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Approaching plays
Approaching plays

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3 Stage directions

Here is a longer passage from the scene from A Doll's House (The MAID referred to is the NURSE).

[RANK, HELMER and MRS LINDE go downstairs. The NURSE comes forward with the children; NORA shuts the hall door.]
NORAHow fresh and well you look! Such red cheeks! – like apples and roses. [The children all talk at once while she speaks to them.] Have you had great fun? That's splendid! What, you pulled both Emmy and Bob along on the sledge? Both at once? That was good. You are a clever boy, Ivar. Let me take her for a little, Anne. My sweet little baby doll! [ Takes the baby from the MAIDand dances it up and down ] Yes, yes, Mother will dance with Bob too. What! Have you been snowballing? I wish I had been there too! No, no, I will take their things off, Anne; please let me do it, it is such fun. Go in now, you look half frozen. There is some hot coffee for you on the stove.
[The NURSE goes into the room on the left. NORA takes off the children's things and throws them about while they all talk to her at once.]
NORAReally! Did a big dog run after you? But it didn't bite you? No, dogs don't bite nice little dolly children. You mustn't look at the parcels, Ivar. What are they? Ah, I daresay you would like to know. No, no – it's something nasty! Come, let us have a game! What shall we play at? Hide and seek? Yes, we'll play hide and seek. Bob shall hide first. Must I hide? Very well, I'll hide first.
[She and the children laugh and shout and romp in and out of the room; at last NORA hides under the table; the children rush in and look for her but do not see her; they hear her smothered laughter, run to the table, lift up the cloth and find her. Shouts of laughter. She crawls forward and pretends to frighten them. Fresh laughter. Meanwhile there has been a knock at the hall door but none of them has noticed it. The door is half opened and KROGSTAD appears, he waits a little; the game goes on.]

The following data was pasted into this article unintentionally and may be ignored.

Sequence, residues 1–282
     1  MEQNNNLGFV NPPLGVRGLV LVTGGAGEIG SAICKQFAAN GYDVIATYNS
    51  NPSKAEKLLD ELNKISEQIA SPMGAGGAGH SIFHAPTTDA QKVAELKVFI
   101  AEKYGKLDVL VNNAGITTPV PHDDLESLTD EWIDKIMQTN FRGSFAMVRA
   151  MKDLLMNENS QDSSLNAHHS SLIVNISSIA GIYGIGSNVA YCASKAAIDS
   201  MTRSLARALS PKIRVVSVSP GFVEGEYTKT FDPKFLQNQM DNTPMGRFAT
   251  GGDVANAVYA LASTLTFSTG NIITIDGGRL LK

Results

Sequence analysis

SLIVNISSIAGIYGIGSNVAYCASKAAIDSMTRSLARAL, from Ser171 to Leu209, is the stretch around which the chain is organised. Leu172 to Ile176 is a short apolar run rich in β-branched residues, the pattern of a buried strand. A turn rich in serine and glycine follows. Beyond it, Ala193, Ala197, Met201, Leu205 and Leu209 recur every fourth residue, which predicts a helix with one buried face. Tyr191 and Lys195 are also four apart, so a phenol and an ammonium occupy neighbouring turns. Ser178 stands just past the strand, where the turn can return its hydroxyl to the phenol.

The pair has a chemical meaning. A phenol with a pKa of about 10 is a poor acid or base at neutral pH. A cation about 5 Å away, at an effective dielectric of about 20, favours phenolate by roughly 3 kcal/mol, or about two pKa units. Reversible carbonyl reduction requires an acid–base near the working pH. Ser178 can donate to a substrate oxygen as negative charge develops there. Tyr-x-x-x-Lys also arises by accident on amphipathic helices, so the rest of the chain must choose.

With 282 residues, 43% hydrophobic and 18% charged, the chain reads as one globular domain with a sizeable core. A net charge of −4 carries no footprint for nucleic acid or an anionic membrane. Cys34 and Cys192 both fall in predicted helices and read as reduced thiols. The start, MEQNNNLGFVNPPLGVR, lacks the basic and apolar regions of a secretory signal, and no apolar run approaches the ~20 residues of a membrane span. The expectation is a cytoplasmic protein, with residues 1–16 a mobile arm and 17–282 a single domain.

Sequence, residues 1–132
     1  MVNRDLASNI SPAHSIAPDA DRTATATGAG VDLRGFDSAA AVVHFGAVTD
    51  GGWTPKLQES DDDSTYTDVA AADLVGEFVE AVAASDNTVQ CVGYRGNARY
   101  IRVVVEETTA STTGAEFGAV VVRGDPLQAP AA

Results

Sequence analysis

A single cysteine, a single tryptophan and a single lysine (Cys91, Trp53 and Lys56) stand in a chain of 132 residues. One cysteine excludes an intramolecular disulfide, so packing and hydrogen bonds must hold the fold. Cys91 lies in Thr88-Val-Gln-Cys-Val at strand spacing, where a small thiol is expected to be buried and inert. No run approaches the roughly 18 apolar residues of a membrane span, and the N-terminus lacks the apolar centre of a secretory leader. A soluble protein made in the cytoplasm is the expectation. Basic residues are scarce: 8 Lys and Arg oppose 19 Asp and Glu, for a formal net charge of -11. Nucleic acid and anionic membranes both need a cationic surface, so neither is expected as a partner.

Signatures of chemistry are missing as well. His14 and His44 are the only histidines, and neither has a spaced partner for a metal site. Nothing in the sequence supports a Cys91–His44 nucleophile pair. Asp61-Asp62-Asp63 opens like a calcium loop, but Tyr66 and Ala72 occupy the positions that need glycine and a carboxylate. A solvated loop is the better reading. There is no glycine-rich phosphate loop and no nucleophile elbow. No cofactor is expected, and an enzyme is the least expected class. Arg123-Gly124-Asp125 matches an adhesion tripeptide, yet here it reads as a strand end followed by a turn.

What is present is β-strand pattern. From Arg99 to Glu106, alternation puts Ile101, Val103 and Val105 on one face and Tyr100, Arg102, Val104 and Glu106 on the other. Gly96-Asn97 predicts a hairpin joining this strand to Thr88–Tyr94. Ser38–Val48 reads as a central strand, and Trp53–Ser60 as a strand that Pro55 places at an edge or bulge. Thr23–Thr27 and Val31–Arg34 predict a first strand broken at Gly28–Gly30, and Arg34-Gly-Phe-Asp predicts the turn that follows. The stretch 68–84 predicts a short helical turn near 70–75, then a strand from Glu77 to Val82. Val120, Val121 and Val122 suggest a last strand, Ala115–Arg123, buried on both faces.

Unlike Caryl Churchill, Ibsen writes very full stage directions, which in this extract take up almost as much space as the dialogue.

Activity 4

What do you think is the significance of these directions?


In the first place the directions tell us about the movement of characters on and off the stage. We learn that three characters who have been onstage now leave, while the Nurse brings the children in and then leaves to go to the kitchen. Nora, consequently, is left alone with the children. Notice the careful direction that she should close the hall door by which the Nurse has entered with the children. We are aware of other people being in the house, but it is important that Nora should feel safely enclosed within her domestic space, and that Krogstad should come in as an outsider. His knock is not heard by Nora, who is so happily involved with the children, and when he pushes open the door, he stands for a moment as a silent observer of the scene. This emphasizes his exclusion from the domesticity enjoyed by the Helmers, and lends a slightly sinister element to his appearance. As the scene continues we find that not only has he been excluded from the Helmers' life in another way (by being sacked from the bank), but that his intrusion into the Helmer household brings a threat to Nora's security.

Furthermore, the directions indicate not only movement but sound. No lines are written for the children, but they are far from silent; they talk and laugh and shout. Nora's questions in her first speech indicate something of what they say. Incidentally, her speech also indicates further action: ‘No, no, I will take their things off, Anne’.